Kentucky Candle Factory Employees Reportedly Told They’d Be Fired If They Left Work Ahead Of Deadly Tornado
An aerial view of a business in Dawson Springs, Kentucky, on December 14, 2021, four days after tornadoes hit the area. - Kentucky officials voiced relief December 13 that dozens of workers at a candle factory appear to have survived tornadoes that killed at least 88 people and left a trail of devastation across six US states.

Several employees who worked at the Mayfield, Kentucky, candle factor that was destroyed by Friday night’s tornadoes said they were told they would be fired if they left their shifts early.

NBC News reported that at least five workers “said supervisors warned employees that they would be fired if they left their shifts early.” Around 15 workers, who were aware the storm was coming, had approached managers and asked if they could leave so they could shelter at home. Their requests were denied, but some decided to leave work early anyway.

Bob Ferguson, a spokesperson for Mayfield Consumer Products, denied that employees were told they would be fired if they left their shifts early ahead of the tornado.

“It’s absolutely untrue,” Ferguson said. “We’ve had a policy in place since Covid began. Employees can leave any time they want to leave and they can come back the next day.”

Ferguson also said managers wouldn’t have told employees they risked their jobs by leaving early, saying supervisors are required to undertake emergency drills, and that employees have access to hazard pay, grief counseling, and more.

As The Daily Wire reported, more than 90 of the 110 workers who were in the factory when it collapsed have been found alive. Eight have been confirmed dead, with another eight still missing.

Ferguson, the spokesperson, told the Associated Press that more than 90 people have been located, even though officials initially told the outlet that just 40 of the workers had been accounted for. Ferguson expressed hope that the eight missing would be found alive.

“Many of the employees were gathered in the tornado shelter and after the storm was over they left the plant and went to their homes,” he said. “With the power out and no landline they were hard to reach initially. We’re hoping to find more of those eight unaccounted as we try their home residences.”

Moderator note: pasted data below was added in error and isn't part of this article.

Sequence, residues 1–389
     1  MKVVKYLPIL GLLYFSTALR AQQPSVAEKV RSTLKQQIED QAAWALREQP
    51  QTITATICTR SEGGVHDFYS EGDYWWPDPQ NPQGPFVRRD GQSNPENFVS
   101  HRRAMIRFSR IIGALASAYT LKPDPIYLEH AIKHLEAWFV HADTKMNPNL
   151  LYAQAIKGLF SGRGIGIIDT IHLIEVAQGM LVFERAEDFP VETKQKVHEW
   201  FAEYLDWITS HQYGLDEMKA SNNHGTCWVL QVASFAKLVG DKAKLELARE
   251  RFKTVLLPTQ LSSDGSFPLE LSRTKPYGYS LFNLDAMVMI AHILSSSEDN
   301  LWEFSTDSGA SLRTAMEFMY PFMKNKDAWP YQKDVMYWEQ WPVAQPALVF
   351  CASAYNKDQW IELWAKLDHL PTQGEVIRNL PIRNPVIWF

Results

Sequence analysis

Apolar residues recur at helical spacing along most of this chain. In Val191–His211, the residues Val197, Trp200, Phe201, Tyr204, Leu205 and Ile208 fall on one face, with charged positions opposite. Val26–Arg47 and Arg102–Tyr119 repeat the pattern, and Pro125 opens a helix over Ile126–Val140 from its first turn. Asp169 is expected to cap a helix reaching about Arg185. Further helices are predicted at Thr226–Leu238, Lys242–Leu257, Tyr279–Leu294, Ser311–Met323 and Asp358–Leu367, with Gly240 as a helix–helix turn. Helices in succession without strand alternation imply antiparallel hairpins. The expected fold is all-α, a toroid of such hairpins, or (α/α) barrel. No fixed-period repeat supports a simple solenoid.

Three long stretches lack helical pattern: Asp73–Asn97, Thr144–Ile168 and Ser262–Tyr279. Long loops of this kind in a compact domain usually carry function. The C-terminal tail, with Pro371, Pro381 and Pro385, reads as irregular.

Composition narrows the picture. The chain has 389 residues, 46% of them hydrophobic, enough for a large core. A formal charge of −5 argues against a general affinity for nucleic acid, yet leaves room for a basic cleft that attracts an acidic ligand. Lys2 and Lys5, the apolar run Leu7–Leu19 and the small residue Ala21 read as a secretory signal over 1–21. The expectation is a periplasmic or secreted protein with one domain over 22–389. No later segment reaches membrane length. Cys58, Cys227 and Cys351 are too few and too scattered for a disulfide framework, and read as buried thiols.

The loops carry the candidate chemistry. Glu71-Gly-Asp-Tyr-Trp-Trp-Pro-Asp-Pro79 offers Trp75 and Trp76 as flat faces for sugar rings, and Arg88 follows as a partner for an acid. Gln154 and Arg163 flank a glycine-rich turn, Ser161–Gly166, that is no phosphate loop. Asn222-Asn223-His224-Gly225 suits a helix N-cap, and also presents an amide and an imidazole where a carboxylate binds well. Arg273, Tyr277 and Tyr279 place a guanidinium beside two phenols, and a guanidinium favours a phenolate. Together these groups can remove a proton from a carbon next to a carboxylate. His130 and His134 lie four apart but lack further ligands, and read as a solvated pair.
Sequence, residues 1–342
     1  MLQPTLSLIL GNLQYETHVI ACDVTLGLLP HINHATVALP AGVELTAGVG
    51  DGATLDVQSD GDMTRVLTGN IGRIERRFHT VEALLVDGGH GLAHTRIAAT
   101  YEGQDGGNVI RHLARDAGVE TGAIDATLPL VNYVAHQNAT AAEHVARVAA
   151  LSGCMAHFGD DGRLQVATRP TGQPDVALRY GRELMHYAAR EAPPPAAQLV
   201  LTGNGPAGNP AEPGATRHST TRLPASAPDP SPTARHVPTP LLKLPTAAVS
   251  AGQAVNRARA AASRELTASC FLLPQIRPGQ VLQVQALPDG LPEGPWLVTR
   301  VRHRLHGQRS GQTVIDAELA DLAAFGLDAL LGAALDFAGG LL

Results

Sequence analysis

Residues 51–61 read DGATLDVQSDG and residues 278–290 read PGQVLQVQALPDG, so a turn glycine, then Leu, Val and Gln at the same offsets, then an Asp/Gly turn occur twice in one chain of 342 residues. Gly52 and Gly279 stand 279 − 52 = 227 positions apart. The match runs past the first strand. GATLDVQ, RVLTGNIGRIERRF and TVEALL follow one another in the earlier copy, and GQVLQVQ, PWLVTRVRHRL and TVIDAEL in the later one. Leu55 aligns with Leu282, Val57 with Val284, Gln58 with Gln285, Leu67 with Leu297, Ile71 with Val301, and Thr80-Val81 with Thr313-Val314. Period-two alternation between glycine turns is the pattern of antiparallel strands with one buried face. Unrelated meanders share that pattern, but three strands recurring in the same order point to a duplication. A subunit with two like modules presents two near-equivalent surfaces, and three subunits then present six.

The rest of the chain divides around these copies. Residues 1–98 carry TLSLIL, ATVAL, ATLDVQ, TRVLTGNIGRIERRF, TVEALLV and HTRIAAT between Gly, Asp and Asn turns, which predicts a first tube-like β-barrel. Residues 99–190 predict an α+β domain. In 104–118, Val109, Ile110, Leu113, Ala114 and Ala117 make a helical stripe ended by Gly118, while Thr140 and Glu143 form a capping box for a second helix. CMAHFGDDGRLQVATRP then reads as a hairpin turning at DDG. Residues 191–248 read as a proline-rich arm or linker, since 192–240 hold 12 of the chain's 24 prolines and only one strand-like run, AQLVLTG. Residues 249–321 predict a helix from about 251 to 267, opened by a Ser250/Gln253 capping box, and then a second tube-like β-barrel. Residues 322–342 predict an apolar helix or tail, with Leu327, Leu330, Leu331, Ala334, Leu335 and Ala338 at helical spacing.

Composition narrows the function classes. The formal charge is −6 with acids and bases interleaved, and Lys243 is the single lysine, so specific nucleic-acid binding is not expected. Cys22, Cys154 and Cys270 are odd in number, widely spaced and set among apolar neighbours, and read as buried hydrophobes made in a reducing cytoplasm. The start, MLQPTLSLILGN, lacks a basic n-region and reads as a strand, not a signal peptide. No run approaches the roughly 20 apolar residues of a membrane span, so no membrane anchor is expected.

As The Daily Wire previously reported, the candle factory was one of the many buildings destroyed after tornadoes and severe weather swept across the Midwest Friday night.

Kentucky Gov. Andy Beshear (D) said at a news conference on Saturday that around 110 people were inside the factory when the tornado struck, the Associated Press reported.

“We believe our death toll from this event will exceed 50 Kentuckians and probably end up 70 to 100,” he said at a news conference Saturday. “It’s very hard, really tough, and we’re praying for each and every one of those families.”

One factory employee, Kyana Parsons-Perez, was “trapped under five feet (about 1.5 meters) of debris for at least two hours until rescuers managed to free her,” the AP reported. She told “The Today Show” that this was the “absolutely the most terrifying” thing she had ever experienced, adding, “I did not think I was going to make it at all.”

Parsons-Perez explained that employees had been gathered in a section of the factory meant for storm emergencies. She said the lights started to flicker and “all of a sudden,” they felt a gust of wind and her ears started popping as if she were in an airplane. She said everything started swaying and then the roof collapsed.

“All I heard was screams,” she said as images of the destruction was shown on screen.

Parson-Perez also explained that some local prisoners worked at the factor as part of a work-release program with the prison, and that they were “working their tails off” to help rescue their coworkers.

“They could have used that moment to try to run away or anything, but they did not. They were there, helping us,” she said.

CNN posted footage of the factory with rescue crews working to save those who were trapped. The images show the flattened remains of the building, with nothing to identify what it once was.

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